Filing for bankruptcy offers individuals the opportunity to wipe out various forms of debt or to reorganize debt into a more manageable payment plan. Some types of debt, however, can not be discharged in bankruptcy. Filing for bankruptcy will discharge stop child support obligations, for one. Filing for Chapter 13 bankruptcy, however, sometimes allows a parent to turn child support payments into a more feasible payment plan. An experienced bankruptcy attorney can help you determine which option is best for you.

Chapter 7 Bankruptcy and Child Support

Chapter 7 bankruptcy allows a person to liquidate assets to pay off creditors and eventually discharge debt. Because child support is a “priority” debt, however, it can not be discharged through Chapter 7 bankruptcy. Priority debts are obligations that are not secured by collateral but are prioritized among other debts when there are not enough assets to pay a person’s creditors.

Child Support and Chapter 11 Bankruptcy

Chapter 11 bankruptcy involves the reorganization of debt. Under this type of a bankruptcy, a person creates a reorganization plan that takes into consideration factors like assets, liabilities, current income, and expenditures. Reorganization plans must first be approved by bankruptcy courts. Under this type of bankruptcy, child support is also viewed as a priority debt, which is incapable of being discharged.

Chapter 13 Bankruptcy and Child Support

If a person is behind on child support payments, filing for Chapter 13 bankruptcy does not discharge a person’s obligations. Some people discover, however, that Chapter 13 bankruptcy allows them to catch up on child support payments. Much like in Chapter 7, child support payments are viewed as a priority debt and can not be discharged through bankruptcy. During Chapter 13 bankruptcy, a person reorganizes his or her debts and pays back some or all of this amount through a repayment plan. By discharging unsecured debt, many people discover that they have money freed up to pay child support. Unlike in Chapter 7 bankruptcy, however, a creditor must obtain permission from a court before pursuing an action to obtain child support. Provided that a person continues to make timely support payment, a separate action to collect these amounts will likely not arise. If you fail to make child support payments, the court often will allow creditors to garnish your earnings.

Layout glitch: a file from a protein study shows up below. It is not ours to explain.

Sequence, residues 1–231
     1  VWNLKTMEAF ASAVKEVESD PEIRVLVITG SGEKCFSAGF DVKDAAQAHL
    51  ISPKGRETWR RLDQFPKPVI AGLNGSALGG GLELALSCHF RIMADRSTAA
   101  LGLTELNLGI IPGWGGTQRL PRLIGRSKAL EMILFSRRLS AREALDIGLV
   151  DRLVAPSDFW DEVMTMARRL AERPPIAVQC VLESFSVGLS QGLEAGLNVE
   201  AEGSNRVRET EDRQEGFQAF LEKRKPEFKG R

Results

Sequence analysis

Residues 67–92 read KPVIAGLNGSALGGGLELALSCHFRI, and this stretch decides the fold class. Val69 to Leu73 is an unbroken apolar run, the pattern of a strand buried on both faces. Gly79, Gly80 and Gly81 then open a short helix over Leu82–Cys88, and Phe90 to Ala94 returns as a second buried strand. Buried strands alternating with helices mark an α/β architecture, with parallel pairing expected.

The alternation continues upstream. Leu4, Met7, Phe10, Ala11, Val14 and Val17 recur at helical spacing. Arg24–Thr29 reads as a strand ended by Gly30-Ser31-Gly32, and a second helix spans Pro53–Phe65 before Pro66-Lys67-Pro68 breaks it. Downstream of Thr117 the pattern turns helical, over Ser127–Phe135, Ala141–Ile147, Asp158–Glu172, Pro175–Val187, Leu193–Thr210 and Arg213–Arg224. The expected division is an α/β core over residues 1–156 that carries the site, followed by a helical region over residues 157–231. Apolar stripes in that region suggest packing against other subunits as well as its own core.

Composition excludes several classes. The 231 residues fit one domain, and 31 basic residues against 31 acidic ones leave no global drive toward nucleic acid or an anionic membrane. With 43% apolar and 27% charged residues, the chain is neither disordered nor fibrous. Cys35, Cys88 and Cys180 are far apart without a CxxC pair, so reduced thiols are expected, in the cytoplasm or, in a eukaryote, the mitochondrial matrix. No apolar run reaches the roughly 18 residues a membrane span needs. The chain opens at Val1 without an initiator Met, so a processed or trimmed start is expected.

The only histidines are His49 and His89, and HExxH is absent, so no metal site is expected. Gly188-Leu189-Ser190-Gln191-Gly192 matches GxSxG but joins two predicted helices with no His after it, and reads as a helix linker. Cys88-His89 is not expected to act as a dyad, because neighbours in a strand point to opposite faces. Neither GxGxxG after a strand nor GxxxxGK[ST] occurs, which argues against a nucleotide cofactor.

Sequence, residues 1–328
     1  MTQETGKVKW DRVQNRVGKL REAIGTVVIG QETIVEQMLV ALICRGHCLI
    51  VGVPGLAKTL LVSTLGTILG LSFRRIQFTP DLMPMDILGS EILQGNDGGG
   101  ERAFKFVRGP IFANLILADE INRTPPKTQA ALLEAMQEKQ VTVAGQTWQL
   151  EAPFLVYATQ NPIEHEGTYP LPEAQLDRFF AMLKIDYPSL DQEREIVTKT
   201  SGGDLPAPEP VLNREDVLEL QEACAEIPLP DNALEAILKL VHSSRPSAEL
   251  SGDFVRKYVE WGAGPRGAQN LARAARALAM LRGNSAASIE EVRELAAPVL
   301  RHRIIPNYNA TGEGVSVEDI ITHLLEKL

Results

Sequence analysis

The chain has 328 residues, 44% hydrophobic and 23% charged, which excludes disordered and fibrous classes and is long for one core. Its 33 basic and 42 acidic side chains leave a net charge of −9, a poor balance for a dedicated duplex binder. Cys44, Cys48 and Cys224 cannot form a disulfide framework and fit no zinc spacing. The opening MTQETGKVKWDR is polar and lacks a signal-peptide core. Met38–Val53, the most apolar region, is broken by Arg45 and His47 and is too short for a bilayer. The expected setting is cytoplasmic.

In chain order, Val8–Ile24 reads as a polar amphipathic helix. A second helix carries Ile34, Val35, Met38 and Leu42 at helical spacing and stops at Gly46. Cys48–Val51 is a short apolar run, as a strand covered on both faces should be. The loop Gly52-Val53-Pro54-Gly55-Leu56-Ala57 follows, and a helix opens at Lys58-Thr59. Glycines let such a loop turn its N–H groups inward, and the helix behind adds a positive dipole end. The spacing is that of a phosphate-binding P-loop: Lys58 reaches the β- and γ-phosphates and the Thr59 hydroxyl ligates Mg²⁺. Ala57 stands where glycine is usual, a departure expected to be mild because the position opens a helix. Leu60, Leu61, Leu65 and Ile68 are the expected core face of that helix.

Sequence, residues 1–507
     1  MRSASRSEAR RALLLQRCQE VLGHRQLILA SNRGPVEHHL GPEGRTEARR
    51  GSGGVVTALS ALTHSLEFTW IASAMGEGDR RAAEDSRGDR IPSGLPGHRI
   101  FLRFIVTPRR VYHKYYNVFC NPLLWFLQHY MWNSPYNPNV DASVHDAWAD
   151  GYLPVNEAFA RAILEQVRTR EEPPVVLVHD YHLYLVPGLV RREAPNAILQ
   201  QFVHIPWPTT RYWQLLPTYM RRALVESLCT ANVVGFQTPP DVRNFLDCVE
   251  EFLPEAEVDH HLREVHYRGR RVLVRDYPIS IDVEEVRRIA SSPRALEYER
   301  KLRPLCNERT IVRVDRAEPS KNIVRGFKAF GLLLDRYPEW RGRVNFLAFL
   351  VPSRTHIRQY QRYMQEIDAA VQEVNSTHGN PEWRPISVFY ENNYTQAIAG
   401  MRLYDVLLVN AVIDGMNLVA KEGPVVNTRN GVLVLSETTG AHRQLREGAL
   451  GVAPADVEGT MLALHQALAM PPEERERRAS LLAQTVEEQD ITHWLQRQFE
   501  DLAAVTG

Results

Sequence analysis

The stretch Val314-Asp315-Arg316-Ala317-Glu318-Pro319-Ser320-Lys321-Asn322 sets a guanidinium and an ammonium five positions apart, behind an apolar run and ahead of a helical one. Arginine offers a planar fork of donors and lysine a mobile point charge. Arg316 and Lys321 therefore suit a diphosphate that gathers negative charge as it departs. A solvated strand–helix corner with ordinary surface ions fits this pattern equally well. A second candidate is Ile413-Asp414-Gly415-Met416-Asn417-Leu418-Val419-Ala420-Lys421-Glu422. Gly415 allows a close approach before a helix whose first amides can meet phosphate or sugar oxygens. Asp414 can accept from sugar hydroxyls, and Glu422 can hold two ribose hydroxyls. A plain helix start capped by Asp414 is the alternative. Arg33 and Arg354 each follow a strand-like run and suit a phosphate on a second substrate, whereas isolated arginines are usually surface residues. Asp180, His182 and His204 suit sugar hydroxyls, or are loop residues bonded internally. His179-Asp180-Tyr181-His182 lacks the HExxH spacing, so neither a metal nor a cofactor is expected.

What to do if You are Behind on Child Support

If you are behind on child support, there are several steps that you should take:

  • Go through documentation and determine exactly what you owe. Many people find it helpful to use a tracking system to monitor their payments.
  • Obtain the assistance of an experienced attorney who can be helpful in determining the amount that you owe. It is critical to understand that ignoring back payments will only make your situation worse. Instead, it is a better idea to arrange a mutually agreeable payment plan with the other parent.
  • Speak with a knowledgeable attorney to determine the best next steps to take. The penalties associated with failure to pay child support can be particularly severe, which is why it is often to get help and act quickly.

Speak with an Experienced Bankruptcy Attorney

Bankruptcy is not something to be entered into lightly. If you are concerned about mounting child support payments, do not hesitate to discuss matters with an experienced bankruptcy lawyer. Contact attorney Jim A Lyon today to schedule an initial free consultation.